Glucose monitors work on a chemical sample, over which blood is drawn by capillary action. Two electrodes detect the presence of blood by conductance across the sample and the amount of glucose is determined by the change in conductance as the glucose reacts with chemicals in the test area over time. Some meters measure the rate at which the conductance changes ( a differentiator circuit ), others just measures the conductance when it first starts conducting and then again after a set amount of time. They are required to be within 20% and a lab would certify them as accurate if they are within 15% but the technology itself can be within 5% and the variation between test strips of the same batch should be within 2%. Most errors are from usage, they are affected by temperature of the meter, temperature of the test strip, how old the test strip is, humidity, humidity within which the test strip was stored, the amount of time it takes to suck the blood into the test strip, the amount of air the blood has been exposed to, the air currents, what's in the air and the rate at which the blood was drawn from your body ( a slow draw that needed more pushing out has more interstitial fluids then blood ).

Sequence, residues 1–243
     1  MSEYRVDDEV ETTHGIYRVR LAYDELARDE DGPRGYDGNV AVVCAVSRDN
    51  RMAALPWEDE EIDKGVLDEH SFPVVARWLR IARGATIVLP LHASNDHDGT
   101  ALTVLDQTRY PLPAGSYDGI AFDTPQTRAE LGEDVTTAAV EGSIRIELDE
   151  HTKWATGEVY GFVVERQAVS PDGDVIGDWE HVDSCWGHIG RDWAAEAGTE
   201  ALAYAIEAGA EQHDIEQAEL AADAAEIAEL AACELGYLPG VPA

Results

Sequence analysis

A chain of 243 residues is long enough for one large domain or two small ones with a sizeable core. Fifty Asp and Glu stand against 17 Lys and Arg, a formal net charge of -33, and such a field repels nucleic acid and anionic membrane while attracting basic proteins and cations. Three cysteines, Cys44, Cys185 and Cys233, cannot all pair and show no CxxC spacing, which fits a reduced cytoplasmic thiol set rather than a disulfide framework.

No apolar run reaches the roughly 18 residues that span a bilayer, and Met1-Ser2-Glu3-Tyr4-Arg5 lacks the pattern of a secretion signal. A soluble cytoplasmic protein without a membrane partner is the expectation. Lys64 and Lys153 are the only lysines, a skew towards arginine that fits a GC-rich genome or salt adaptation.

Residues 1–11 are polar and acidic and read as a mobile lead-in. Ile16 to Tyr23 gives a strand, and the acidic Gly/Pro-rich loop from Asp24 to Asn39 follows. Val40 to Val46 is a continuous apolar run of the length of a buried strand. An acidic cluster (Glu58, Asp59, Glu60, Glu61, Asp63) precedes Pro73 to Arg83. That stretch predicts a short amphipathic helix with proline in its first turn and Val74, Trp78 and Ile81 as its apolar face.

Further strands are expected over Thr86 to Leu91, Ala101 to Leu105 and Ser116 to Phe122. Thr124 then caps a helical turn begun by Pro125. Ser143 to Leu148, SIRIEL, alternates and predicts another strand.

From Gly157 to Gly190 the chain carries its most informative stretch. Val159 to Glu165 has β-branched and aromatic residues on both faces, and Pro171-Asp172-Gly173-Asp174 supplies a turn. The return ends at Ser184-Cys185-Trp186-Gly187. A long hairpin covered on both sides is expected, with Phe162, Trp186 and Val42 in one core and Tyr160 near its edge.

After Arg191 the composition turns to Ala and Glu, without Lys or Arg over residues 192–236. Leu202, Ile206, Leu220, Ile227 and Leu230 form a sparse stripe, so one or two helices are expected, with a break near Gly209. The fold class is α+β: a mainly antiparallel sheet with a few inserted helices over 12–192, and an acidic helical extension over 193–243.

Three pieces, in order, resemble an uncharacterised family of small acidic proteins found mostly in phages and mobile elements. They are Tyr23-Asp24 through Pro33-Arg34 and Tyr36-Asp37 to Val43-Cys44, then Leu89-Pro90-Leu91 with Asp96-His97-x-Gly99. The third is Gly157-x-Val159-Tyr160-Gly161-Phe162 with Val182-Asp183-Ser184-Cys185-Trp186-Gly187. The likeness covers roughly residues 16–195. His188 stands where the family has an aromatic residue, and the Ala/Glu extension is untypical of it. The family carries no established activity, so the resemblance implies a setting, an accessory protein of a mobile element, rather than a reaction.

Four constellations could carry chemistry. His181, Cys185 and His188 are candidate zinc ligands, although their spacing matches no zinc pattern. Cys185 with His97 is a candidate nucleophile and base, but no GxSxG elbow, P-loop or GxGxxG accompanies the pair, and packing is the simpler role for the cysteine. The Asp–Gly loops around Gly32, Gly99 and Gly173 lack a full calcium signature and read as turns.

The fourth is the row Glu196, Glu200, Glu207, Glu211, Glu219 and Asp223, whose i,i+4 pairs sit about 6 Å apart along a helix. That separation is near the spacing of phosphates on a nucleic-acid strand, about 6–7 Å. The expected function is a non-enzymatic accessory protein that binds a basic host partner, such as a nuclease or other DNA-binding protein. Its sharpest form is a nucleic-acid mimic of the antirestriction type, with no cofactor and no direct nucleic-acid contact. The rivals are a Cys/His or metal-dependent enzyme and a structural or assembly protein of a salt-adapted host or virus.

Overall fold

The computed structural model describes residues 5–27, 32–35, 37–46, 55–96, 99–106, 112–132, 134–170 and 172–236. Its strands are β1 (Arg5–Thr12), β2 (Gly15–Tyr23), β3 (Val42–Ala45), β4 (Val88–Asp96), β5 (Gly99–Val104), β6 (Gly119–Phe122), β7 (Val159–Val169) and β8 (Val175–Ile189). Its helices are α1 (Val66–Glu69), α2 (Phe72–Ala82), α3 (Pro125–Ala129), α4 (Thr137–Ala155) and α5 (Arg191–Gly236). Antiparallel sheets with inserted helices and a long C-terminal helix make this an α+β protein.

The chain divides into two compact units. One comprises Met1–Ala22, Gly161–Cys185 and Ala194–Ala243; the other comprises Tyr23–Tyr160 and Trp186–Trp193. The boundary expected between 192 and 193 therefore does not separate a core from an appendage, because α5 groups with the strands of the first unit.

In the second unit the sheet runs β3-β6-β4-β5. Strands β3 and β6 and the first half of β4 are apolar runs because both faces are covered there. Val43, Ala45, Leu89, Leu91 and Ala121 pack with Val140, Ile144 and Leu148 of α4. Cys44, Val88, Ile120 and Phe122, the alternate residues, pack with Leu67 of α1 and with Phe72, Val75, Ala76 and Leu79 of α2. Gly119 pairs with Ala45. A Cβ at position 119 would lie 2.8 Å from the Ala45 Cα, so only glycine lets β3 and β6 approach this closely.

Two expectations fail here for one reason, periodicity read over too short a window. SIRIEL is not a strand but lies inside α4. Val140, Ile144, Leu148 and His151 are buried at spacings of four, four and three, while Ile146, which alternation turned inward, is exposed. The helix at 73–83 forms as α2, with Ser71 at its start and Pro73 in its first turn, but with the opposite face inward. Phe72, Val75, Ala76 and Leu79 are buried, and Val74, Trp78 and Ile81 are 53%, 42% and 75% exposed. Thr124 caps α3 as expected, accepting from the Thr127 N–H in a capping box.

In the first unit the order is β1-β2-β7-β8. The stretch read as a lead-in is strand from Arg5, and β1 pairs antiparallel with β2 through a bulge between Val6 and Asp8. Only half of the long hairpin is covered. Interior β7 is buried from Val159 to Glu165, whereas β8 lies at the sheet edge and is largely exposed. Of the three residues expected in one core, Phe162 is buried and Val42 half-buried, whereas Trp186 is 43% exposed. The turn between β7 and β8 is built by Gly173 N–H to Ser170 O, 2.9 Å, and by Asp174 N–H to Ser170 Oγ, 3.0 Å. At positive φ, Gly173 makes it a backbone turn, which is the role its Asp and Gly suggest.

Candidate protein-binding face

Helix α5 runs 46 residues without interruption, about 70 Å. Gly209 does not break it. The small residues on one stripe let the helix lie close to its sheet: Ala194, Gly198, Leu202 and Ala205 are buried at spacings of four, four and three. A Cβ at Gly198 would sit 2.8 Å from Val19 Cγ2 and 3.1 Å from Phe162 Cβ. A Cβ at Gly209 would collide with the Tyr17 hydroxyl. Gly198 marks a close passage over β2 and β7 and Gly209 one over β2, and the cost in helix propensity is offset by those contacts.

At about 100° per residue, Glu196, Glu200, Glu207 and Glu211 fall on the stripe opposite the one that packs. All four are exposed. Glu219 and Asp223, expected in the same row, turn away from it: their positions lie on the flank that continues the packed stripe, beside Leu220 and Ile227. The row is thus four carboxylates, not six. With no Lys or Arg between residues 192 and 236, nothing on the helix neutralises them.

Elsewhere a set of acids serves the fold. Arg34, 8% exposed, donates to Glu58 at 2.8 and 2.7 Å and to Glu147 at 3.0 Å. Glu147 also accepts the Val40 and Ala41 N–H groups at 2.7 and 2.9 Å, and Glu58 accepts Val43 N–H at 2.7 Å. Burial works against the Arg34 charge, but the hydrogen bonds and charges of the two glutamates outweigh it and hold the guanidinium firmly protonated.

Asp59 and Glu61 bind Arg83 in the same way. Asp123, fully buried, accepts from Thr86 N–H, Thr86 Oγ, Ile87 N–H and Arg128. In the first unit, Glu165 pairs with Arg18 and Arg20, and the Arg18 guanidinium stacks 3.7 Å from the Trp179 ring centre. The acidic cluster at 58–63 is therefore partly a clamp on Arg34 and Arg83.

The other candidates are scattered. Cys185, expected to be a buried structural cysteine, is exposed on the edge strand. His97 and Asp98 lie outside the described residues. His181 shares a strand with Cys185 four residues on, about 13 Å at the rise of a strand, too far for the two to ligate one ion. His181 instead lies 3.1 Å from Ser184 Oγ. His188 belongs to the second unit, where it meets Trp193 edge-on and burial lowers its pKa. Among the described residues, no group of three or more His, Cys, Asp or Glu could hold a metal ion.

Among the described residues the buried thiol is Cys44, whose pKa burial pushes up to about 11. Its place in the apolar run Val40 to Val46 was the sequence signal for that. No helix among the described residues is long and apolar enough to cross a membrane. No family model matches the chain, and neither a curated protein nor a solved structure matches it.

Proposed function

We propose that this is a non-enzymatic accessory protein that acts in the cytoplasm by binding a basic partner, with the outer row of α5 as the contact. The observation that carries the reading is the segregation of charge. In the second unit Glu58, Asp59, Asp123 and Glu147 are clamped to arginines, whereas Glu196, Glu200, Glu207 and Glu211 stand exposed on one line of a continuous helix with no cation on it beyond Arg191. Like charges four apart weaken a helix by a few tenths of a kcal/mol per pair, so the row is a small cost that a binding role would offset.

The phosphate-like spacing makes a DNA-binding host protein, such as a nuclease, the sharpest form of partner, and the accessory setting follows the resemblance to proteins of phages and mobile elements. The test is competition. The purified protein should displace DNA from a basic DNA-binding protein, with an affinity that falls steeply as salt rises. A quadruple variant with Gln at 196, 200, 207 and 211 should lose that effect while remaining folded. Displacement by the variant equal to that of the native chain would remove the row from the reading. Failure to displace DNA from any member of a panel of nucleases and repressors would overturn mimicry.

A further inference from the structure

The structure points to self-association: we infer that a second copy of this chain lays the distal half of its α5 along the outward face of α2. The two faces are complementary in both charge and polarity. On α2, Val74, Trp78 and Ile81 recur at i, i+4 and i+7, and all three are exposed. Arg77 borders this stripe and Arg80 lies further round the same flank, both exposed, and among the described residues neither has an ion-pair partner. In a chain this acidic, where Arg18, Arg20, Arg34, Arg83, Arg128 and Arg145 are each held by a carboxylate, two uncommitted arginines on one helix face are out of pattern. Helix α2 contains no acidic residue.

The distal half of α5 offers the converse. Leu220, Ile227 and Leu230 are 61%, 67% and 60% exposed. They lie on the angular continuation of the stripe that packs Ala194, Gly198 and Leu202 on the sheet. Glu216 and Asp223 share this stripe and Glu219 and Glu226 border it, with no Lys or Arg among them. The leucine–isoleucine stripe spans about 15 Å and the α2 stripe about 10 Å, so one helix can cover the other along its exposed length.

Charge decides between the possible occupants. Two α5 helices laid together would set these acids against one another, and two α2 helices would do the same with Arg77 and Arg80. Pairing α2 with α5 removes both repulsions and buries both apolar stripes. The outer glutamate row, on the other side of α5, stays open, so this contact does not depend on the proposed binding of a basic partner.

It's quite possible that your test strips had been exposed to heat or cold, or that they were not properly sealed since your last use.
An A1C gives you the idea of your average glucose levels by measuring the accumulated exposure to glucose that your blood cells have, you blood cells live for 90-120 days and are produced constantly so the test is representative of the average over 30 to 40 days but it's skewed as it's not a true evenly weighted average so if your glucose levels have not been more or less consistent over the three months, the A1C may not be terribly reliable.
But the varying results are why they require at least two separate FBG tests on separate days or an A1C before diagnosing diabetes.